The Postal Corporation of Kenya (PCK) is yet again and in a span of less that seven months on the verge of an economic crisis. The once blossoming establishment is said to be facing a cash crunch occasioned by the corporation’s poor management practices as the country’s oldest parastatal fights for its survival.
According to the institution’s financial reports, the corporation continues to sink into losses, with the effects of coronavirus sending it further into the deeper and darker conduits of the financial abyss.
The troubles started, came into the limelight rather, in 2011 when some 550 workers threatened to strike, and were later dismissed with allegations of gross misconduct. The employment and labor relations court then ordered the employees to be reinstated unconditionally only to be retrenched a few months later. Some were terminated on account of redundancy.
Today, Postal Corporation of Kenya employees are on their fifth month without salaries, even as the State declared them essential service providers in the wake of the spread of the coronavirus pandemic.
The Chief Executive Officer Postal Corporation of Kenya Daniel Kagwe, the brother to the Health Cabinet Secretary Mutahi Kagwe has come under sharp criticism from the disgruntled employees who blame his backward management style to be the weight bearing heavily on the corporation’s struggle to remain relevant.
They allege that Mr. Kagwe is rude and irreproachable with oppressive tendencies. He makes unilateral decisions that affect the employees without consultations with his senior management team, a fact that was confirmed by a senior manager who asked to remain anonymous.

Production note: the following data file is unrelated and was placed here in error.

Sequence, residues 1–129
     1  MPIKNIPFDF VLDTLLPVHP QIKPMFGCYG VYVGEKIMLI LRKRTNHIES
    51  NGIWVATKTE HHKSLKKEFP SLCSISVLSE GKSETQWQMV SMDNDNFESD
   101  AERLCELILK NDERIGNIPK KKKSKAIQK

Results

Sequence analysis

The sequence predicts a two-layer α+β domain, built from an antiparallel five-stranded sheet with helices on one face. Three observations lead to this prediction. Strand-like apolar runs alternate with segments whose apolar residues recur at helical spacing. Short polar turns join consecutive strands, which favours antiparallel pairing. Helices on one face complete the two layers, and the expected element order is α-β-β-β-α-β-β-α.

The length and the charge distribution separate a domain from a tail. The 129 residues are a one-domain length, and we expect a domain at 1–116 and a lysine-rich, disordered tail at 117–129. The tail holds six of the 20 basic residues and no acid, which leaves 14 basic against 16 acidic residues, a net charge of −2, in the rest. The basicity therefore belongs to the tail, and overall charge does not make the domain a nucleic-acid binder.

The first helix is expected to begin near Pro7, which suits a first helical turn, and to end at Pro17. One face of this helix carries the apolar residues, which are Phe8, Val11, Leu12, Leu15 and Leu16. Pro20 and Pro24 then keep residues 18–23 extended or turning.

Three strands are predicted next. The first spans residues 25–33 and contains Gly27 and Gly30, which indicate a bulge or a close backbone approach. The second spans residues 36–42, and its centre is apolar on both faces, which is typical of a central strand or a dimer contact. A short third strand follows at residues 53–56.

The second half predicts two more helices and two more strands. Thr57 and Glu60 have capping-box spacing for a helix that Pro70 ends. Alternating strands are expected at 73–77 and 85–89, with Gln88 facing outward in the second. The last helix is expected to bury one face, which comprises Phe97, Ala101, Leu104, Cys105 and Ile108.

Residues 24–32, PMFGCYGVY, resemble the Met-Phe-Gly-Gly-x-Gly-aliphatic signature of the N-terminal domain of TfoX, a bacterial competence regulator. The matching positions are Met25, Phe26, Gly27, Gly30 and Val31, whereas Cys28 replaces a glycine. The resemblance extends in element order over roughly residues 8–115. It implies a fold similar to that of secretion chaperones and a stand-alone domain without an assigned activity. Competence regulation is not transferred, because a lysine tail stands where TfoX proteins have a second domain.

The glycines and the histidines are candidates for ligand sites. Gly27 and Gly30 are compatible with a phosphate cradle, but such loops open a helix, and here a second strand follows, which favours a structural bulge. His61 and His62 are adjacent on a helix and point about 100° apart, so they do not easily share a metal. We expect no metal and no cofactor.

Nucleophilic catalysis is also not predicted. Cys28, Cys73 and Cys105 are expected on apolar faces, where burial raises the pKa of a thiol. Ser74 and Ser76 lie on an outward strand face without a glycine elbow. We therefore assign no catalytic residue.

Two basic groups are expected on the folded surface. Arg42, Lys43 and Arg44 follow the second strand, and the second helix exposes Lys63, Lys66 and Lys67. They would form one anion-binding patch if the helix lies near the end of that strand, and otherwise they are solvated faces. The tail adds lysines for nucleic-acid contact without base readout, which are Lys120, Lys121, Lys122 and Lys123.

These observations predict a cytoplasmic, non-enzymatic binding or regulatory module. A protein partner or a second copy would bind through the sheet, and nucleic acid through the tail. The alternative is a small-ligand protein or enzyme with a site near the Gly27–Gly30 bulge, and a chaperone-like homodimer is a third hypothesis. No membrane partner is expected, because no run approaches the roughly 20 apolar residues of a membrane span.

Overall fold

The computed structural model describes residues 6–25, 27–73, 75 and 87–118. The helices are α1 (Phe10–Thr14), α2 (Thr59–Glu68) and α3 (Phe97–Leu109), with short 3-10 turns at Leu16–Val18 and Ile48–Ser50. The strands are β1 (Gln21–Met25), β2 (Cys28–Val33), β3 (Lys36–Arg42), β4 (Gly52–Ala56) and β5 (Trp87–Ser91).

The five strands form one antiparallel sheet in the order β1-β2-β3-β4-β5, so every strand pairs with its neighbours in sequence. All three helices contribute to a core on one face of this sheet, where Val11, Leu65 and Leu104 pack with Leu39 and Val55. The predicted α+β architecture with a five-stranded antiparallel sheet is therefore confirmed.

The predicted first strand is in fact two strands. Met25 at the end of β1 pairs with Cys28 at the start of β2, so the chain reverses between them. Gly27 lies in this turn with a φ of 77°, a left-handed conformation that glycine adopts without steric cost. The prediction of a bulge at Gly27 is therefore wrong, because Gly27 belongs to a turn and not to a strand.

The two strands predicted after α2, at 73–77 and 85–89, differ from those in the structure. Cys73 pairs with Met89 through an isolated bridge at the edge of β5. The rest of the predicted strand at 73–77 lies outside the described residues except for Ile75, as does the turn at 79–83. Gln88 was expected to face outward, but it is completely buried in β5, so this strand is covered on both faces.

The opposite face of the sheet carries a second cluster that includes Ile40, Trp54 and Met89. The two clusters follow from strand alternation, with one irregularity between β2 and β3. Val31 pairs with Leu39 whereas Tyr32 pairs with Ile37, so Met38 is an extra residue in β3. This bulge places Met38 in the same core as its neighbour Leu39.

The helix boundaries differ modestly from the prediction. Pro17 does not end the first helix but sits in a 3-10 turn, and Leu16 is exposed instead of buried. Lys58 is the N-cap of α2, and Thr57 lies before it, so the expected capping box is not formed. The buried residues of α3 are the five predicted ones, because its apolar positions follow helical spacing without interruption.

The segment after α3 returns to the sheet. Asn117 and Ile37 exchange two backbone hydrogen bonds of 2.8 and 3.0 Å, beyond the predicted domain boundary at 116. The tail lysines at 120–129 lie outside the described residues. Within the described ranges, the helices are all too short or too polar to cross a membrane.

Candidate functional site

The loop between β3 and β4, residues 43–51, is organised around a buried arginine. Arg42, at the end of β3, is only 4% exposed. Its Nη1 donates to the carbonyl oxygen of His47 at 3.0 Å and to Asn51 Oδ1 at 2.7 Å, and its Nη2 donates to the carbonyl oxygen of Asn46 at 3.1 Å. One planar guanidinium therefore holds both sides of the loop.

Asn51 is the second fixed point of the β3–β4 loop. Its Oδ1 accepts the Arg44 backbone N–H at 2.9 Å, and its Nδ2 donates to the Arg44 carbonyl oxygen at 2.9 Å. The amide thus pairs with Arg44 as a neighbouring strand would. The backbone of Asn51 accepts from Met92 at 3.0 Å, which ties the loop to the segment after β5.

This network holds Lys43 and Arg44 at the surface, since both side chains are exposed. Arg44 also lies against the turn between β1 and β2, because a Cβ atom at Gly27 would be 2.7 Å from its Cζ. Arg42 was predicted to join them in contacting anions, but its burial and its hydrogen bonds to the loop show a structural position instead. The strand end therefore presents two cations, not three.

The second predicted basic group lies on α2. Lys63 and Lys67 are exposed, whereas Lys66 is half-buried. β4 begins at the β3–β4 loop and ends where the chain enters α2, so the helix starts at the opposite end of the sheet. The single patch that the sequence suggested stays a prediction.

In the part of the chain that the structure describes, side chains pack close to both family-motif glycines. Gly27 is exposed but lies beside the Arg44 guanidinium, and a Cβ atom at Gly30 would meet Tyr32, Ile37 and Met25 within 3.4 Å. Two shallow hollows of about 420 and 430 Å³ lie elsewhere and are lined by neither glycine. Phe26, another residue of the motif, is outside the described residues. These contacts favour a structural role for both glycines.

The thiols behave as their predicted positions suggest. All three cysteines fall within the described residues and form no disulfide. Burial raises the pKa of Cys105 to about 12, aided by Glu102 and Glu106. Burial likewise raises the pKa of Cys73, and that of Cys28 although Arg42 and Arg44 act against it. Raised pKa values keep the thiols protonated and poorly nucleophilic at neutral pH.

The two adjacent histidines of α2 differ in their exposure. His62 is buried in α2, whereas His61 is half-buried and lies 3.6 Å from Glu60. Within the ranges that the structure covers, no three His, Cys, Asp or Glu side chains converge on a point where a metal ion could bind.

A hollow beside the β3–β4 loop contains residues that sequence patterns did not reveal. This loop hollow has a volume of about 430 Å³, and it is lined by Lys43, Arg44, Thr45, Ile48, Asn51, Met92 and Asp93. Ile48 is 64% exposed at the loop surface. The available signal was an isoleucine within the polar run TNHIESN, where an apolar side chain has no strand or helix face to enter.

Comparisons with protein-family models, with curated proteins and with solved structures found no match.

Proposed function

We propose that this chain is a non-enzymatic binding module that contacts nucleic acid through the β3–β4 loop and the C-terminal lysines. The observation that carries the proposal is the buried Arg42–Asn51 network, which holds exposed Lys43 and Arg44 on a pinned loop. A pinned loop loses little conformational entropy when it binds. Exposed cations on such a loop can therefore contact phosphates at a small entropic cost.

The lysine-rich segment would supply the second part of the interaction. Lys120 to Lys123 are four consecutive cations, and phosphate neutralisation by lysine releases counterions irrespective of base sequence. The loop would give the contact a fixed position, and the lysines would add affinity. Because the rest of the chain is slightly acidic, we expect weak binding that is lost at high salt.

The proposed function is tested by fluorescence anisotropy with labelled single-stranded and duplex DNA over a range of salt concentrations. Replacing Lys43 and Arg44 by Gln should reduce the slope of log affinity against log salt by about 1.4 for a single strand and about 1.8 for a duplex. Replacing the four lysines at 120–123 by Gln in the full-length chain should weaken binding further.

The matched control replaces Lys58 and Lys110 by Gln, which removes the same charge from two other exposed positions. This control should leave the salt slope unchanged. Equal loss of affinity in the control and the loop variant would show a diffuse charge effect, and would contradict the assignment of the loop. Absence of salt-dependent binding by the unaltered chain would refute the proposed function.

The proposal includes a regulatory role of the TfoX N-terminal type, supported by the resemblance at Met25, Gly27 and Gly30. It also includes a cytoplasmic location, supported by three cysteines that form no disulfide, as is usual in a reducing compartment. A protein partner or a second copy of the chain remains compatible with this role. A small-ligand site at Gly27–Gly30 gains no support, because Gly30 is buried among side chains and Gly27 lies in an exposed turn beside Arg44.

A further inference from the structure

“Mr. Kagwe knows that he is an untouchable given his relationship with very senior government officials, his brother and Information Communication and Technology cabinet Mucheru. Whatever he says goes and most of us here just hold positions that have an impression of seniority, yet we are just ceremonial executives…”
Over 2000 PCK employees have gone without pay for months, which monies the management claims are not being withheld nor otherwise misappropriated, but are delayed due to the Covid-19 crisis. This statement is easily refutable as baseless and inaccurate because the storm brewing over the Postal Corporation of Kenya has been gathering clouds since 2011, some 9 years before the pandemic. It almost rained in 2016 but then the rainmakers were appeased, then again last year when the Ethics and Anti-Corruption Commission started an investigation into the corporation’s finances on recommendation by the then Auditor General, Edward Ouko.
“We have not received our salaries since February and the company stopped remitting our contributions to the National Health Insurance Fund (NHIF) and National Social Security Fund (NSSF),We are in a desperate situation and employee morale is low.” Information from the office of the Auditor General indicates PCK spends Sh2.2 billion annually on employee salaries – translating to Sh. 1 billion for the two months that salaries have not been paid. Postmaster General Dan Kagwe, however, blamed the coronavirus in a spate of fury and refused to comment further.
The silence of the COTU secretary general on the matter is deafening and is suspicious how the usually vocal Atwoli mumb of all people has neglected the plight of these workers.
“Statutory pay for postal workers, SACCO and tax deductions have not been remitted on behalf of the workers as required by law since sometimes in 2016 and we have sought the intervention of the office of the Director of Public Prosecution” said the Communication Workers Union Secretary General, Benson Okwaro.